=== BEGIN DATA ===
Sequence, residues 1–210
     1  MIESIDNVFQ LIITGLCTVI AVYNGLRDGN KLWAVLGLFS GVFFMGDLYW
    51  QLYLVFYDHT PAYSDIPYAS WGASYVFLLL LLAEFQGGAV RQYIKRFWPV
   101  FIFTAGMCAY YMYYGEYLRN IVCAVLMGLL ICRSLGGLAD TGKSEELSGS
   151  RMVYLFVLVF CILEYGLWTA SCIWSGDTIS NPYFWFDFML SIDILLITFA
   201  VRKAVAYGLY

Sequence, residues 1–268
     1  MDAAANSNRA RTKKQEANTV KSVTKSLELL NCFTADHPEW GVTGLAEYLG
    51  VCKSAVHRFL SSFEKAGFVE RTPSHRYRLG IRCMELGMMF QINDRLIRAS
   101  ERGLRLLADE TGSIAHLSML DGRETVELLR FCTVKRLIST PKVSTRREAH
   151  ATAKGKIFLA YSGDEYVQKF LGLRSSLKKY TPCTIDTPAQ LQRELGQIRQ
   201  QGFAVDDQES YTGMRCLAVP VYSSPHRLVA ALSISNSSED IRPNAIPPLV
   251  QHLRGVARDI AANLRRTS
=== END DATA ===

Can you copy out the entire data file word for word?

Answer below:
Sequence, residues 1–210
     1  MIESIDNVFQ LIITGLCTVI AVYNGLRDGN KLWAVLGLFS GVFFMGDLYW
    51  QLYLVFYDHT PAYSDIPYAS WGASYVFLLL LLAEFQGGAV RQYIKRFWPV
   101  FIFTAGMCAY YMYYGEYLRN IVCAVLMGLL ICRSLGGLAD TGKSEELSGS
   151  RMVYLFVLVF CILEYGLWTA SCIWSGDTIS NPYFWFDFML SIDILLITFA
   201  VRKAVAYGLY

Sequence, residues 1–268
     1  MDAAANSNRA RTKKQEANTV KSVTKSLELL NCFTADHPEW GVTGLAEYLG
    51  VCKSAVHRFL SSFEKAGFVE RTPSHRYRLG IRCMELGMMF QINDRLIRAS
   101  ERGLRLLADE TGSIAHLSML DGRETVELLR FCTVKRLIST PKVSTRREAH
   151  ATAKGKIFLA YSGDEYVQKF LGLRSSLKKY TPCTIDTPAQ LQRELGQIRQ
   201  QGFAVDDQES YTGMRCLAVP VYSSPHRLVA ALSISNSSED IRPNAIPPLV
   251  QHLRGVARDI AANLRRTS